Melbourne’s outer suburbs ‘at risk of becoming ghettos’ without infrastructure funding, report finds

ABC Victoria: Melbourne’s outer suburbs ‘at risk of becoming ghettos’ without infrastructure funding, report finds. Wednesday August 2014

Melbourne’s outer suburbs are at risk of becoming “ghettos for the underclass” unless billions of dollars are invested in infrastructure, a report has found.

The Fairer Funding report was launched today by the Group of Interface Councils, which includes the municipalities of Casey, Hume, Mitchell and the Mornington Peninsula.

The report found years of rapid growth had not been matched with investment in public transport, health and education.

“There is the risk that parts of outer Melbourne will become a collection of ghettos, accommodating Victoria’s underclass, people who can’t afford to live in other parts of Melbourne,” the report found.

“The more problematic areas in the outer suburbs are the ones that had significant growth 20 years ago, yet were not provided with infrastructure and support services at that time.

“If history is allowed to repeat itself, the financial and social burden on future governments will be enormous, far greater than the cost of early intervention.”

The Mayor of Mitchell, Rodney Parker, warned the consequences of the infrastructure gap were enormous.

“The social impacts would be along the lines of disconnected youth and communities and a lack of employment opportunities,” he said.

“The reality is that if you don’t get the infrastructure required, the communities are going to become more and more disconnected from what is essentially Melbourne.”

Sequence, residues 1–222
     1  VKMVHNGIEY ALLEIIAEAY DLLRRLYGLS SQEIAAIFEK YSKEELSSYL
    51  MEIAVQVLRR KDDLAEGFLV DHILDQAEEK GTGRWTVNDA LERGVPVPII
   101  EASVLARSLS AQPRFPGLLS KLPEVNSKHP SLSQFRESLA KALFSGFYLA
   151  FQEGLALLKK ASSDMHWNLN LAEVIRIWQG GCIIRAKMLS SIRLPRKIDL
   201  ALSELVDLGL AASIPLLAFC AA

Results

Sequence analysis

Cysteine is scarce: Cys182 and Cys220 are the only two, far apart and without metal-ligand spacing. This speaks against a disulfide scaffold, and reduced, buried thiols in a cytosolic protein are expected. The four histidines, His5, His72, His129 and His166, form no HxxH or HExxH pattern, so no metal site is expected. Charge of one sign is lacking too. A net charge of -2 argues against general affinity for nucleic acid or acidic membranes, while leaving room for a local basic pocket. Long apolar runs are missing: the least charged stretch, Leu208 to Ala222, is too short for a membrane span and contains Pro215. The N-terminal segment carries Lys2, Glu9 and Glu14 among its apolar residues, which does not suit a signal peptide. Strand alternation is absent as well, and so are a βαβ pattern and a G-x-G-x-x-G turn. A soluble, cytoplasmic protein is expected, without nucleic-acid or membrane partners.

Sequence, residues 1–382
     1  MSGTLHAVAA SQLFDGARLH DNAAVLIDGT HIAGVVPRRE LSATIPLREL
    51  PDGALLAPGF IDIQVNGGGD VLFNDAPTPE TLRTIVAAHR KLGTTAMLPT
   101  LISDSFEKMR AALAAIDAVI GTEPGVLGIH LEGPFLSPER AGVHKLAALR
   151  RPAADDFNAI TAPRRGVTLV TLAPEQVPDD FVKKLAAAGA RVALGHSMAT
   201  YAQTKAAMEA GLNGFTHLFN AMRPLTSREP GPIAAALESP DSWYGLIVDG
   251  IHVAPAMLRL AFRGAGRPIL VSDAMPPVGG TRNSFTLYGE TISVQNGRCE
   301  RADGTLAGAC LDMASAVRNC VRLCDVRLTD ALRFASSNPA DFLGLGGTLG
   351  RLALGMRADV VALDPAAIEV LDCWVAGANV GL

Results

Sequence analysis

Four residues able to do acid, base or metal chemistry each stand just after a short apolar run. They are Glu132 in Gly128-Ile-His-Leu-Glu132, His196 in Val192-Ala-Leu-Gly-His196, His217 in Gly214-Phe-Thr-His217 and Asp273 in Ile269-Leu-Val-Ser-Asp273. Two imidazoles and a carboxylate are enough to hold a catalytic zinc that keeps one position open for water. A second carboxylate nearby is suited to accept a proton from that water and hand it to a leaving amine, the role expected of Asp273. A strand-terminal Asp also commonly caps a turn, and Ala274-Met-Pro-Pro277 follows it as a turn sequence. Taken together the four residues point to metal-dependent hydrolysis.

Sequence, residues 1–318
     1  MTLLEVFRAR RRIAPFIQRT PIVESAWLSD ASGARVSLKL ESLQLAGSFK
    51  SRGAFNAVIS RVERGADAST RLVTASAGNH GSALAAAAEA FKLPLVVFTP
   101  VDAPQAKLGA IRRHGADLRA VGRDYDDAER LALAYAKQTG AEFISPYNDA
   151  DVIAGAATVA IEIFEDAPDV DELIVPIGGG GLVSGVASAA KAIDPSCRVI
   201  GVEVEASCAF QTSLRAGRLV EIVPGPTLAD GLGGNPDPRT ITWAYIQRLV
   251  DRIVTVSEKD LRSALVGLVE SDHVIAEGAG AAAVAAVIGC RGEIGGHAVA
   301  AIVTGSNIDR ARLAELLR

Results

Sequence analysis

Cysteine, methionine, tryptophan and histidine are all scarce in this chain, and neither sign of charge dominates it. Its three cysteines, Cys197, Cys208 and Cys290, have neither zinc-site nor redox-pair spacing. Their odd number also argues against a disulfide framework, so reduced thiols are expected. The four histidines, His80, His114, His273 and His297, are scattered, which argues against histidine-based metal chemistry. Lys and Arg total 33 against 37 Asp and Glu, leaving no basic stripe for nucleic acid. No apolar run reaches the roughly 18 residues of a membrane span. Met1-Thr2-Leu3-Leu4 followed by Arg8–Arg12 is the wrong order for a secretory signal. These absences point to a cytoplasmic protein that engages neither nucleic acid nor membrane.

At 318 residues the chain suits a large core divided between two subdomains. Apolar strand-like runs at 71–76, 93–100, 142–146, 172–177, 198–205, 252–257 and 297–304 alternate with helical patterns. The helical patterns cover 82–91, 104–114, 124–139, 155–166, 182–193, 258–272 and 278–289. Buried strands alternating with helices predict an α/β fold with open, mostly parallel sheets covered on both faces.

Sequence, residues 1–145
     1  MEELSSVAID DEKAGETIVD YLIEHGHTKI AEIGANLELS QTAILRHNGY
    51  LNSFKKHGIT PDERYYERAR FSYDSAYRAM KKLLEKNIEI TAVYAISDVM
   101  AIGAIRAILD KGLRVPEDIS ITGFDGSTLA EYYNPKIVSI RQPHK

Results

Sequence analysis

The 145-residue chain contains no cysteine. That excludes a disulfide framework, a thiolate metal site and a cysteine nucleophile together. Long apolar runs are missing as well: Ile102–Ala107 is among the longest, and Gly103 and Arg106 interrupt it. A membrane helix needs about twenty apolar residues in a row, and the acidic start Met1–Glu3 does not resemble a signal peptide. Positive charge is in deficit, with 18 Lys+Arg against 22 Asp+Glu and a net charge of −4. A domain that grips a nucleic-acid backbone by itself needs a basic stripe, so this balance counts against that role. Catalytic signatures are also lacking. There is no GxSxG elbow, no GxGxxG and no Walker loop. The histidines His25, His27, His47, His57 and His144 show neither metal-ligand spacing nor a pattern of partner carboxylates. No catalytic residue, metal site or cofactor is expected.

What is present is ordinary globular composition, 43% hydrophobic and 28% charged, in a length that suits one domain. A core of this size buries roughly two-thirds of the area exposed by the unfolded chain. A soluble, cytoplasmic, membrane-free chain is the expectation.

The group wants more than $10 billion over the next 15 years to build new schools, hospitals, libraries, roads and public transport.

“We want to ensure our communities get what essentially the rest of metropolitan Melbourne have and enjoy,” Councillor Parker said.

“The 10 councils represented by this group are going to experience more than 50 per cent of Melbourne’s growth, so we think it’s only fair that we should get a large chunk of the investment.”

Residents say not enough done to cope with population boom
Montrose resident Trish Morris has lived in Melbourne’s outer-east for more than 30 years and said while there had been some positive change, it was not enough.

“We’ve got a population that’s increasing and I don’t think the support for that has been forthcoming to match that increase,” she said.

Ms Morris said a lack of employment and public transport options was having a significant impact on the wellbeing of residents.

“If the jobs that are suitable are not within your local area, that makes it very difficult for you to have a work-life balance,” she said.

“In my life, I’ve quite often had to travel three hours a day in order to earn an income. On a personal level, I’ve found that quite difficult.”

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